Wind resources at turbine height from Envisat and Sentinel-1 SAR

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A comprehensive database with ocean wind fields has been built up at the Technical University of Denmark (DTU) through consistent processing of Synthetic Aperture Radar (SAR) observations from Envisat (2002-12) and Sentinel-1 (2014-present). The archived wind fields cover the European seas up to 100 km from the coastline. They can be seen as a series of snapshots showing the instantaneous wind conditions for the areas most relevant for offshore wind power generation. Through statistical processing, these instantaneous snapshots are combined to give maps of the offshore wind resources for the standard output level of 10 m above the sea surface. This presentation demonstrates the effects of two recent improvements related to satellite-based wind resource mapping:
1) The number of satellite samples has increased dramatically since the launch of Sentinel-1A/B
2) A new method looks promising for routine extrapolation of wind fields to the height of modern wind turbines
At DTU, wind maps are retrieved in near-real-time from ESA’s L1 SAR products using the SAROPS processing tool developed by the US National Oceanic and Atmospheric Administration (NOAA). The geophysical model function CMOD5.N is used to obtain the equivalent neutral wind speed. A correction is applied to compensate for lower radar backscatter at HH polarization compared to VV polarization. Ancillary data used for the SAR-wind processing include wind directions from the Global Forecast System (GFS) and ice mask data from the US National Ice Center.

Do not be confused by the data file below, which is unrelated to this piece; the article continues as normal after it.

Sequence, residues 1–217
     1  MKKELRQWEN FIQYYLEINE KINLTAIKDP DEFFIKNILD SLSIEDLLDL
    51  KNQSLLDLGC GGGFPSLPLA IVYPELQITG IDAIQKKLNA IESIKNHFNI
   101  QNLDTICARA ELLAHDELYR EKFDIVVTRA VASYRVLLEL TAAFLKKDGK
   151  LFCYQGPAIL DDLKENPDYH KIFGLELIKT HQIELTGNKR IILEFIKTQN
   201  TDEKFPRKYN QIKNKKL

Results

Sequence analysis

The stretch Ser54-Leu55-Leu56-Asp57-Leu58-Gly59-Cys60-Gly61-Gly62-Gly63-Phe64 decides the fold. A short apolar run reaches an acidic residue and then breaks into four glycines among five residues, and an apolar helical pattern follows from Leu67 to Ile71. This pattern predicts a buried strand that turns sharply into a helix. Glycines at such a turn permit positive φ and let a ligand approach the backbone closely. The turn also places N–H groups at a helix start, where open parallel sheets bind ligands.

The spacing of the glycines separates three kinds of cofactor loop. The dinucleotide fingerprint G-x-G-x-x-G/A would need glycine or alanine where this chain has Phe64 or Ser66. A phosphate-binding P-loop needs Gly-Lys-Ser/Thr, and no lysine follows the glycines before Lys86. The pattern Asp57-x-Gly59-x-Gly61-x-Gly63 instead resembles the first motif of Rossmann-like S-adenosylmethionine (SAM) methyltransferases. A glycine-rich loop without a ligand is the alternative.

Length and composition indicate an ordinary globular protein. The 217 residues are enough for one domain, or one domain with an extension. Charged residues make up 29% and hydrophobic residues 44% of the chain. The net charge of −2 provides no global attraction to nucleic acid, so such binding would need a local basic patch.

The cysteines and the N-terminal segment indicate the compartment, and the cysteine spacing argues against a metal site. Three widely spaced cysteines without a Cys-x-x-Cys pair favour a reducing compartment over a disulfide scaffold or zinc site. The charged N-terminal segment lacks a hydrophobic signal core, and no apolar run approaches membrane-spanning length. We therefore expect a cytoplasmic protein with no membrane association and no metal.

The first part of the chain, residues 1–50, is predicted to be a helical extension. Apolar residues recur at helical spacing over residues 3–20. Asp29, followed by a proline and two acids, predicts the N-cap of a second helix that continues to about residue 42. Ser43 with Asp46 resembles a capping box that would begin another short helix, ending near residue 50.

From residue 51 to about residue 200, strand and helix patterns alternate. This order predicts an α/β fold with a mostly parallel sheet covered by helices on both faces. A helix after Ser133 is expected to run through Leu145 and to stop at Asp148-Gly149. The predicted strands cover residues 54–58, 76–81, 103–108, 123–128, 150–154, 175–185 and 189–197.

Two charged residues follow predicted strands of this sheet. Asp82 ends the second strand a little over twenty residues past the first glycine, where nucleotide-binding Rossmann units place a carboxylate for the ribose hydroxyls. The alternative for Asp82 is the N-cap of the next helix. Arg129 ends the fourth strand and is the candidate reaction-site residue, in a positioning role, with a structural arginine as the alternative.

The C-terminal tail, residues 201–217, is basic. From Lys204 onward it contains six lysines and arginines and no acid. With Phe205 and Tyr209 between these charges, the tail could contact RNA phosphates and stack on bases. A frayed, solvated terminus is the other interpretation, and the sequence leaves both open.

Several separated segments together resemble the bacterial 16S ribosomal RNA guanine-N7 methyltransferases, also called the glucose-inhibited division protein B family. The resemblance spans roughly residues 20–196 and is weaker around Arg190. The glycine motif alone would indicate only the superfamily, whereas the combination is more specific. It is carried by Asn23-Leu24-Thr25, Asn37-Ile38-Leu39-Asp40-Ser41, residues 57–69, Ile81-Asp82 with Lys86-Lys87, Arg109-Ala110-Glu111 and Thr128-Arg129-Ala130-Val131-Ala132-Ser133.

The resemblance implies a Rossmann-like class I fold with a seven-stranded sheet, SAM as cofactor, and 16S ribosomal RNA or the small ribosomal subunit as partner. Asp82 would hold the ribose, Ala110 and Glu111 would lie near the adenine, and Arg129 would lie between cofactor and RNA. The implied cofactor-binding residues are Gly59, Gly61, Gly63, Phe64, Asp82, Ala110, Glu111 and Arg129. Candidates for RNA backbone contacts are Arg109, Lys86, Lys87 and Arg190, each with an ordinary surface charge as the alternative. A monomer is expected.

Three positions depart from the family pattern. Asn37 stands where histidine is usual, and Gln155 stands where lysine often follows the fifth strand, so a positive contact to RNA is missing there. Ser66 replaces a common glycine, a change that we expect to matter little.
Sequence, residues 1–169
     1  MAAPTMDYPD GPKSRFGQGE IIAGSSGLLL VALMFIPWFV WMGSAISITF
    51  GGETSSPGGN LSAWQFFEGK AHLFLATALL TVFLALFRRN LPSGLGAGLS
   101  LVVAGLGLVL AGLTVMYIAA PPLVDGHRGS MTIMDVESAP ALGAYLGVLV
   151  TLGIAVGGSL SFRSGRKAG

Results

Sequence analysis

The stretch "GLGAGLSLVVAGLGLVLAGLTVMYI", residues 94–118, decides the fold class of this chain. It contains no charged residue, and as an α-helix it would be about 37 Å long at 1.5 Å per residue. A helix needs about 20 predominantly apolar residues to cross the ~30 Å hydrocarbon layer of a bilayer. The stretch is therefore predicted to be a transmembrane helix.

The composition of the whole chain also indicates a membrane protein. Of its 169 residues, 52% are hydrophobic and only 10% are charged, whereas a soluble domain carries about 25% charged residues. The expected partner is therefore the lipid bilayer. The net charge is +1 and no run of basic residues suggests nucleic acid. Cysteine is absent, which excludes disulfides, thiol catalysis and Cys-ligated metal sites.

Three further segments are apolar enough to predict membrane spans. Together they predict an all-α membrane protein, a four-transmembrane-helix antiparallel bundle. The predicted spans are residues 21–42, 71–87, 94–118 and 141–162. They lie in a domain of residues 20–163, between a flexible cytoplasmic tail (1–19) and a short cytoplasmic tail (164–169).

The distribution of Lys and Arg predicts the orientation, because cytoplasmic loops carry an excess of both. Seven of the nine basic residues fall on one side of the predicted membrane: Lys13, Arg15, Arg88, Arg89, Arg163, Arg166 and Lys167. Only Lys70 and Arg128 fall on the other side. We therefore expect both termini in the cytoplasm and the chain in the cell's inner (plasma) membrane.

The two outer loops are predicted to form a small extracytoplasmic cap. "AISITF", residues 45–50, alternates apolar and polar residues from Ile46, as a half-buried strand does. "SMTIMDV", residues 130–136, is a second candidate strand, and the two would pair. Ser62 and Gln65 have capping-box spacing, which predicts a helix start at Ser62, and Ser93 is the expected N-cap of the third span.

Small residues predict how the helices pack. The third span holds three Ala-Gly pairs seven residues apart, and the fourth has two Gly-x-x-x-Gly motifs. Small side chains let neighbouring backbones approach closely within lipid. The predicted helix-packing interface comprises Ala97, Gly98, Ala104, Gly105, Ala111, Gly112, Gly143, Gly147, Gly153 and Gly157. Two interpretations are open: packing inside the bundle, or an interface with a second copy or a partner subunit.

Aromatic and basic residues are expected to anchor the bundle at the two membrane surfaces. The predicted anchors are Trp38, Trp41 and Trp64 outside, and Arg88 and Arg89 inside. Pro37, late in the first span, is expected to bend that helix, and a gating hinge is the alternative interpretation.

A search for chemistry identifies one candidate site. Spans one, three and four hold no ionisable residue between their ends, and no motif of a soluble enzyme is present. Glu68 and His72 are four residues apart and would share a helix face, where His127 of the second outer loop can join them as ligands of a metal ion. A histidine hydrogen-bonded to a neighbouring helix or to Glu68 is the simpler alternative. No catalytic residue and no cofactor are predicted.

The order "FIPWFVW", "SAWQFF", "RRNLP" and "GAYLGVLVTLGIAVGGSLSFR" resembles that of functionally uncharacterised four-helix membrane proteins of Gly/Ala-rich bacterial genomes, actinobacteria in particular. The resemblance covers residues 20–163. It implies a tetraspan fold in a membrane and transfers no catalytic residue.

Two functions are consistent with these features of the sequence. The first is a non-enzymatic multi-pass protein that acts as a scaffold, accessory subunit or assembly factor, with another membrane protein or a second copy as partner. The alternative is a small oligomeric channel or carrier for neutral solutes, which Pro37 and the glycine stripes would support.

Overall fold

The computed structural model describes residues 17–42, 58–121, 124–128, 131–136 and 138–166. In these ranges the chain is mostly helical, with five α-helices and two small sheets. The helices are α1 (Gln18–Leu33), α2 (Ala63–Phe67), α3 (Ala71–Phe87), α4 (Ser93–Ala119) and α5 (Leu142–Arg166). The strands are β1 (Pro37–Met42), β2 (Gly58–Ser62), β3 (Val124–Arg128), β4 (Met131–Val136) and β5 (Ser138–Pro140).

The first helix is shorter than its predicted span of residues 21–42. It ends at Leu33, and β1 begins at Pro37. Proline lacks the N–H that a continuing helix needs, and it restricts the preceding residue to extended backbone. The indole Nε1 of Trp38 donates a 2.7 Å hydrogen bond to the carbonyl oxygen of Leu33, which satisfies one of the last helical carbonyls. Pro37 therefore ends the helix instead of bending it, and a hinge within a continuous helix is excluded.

Once the instantaneous wind maps are stored in our database, they can be organized as time series in order to calculate wind resources for any point location or area. Since the time series comprises data from both Envisat and Sentinel-1, a check of the data calibration against one or more independent data sources is needed. Based on the calibrated time series, a Weibull fit is made to calculate the mean wind speed, Weibull scale and shape parameters, and the wind power density. The spatial grid of the output wind resource maps is 0.02 degrees in latitude and longitude. To extrapolate the 10-m wind resource maps from SAR to higher levels within the atmospheric boundary layer, we estimate a wind profile for each grid cell in the maps. Simulations from the Weather Research and Forecasting (WRF) model are used to correct this profile for long-term atmospheric stability effects. Accounting for atmospheric stability allows us to estimate the wind speed at different levels with greater accuracy compared to methods that assume a neutral atmospheric boundary layer. For the Northern European seas, the inclusion of atmospheric stability increases the mean wind speed at 100 m on the order of 0.5m/s.
The SAR-based wind resource maps are used in the New European Wind Atlas – an EU-funded project where European nations work together to produce an updated and validated wind atlas for Europe
Original languageEnglish
Publication date2016
Number of pages1
Publication statusPublished - 2016
EventESA Living Planet Symposium 2016 - Prague, Czech Republic
Duration: 9 May 201613 May 2016


ConferenceESA Living Planet Symposium 2016
CountryCzech Republic
Internet address

Bibliographical note

Oral presentation;

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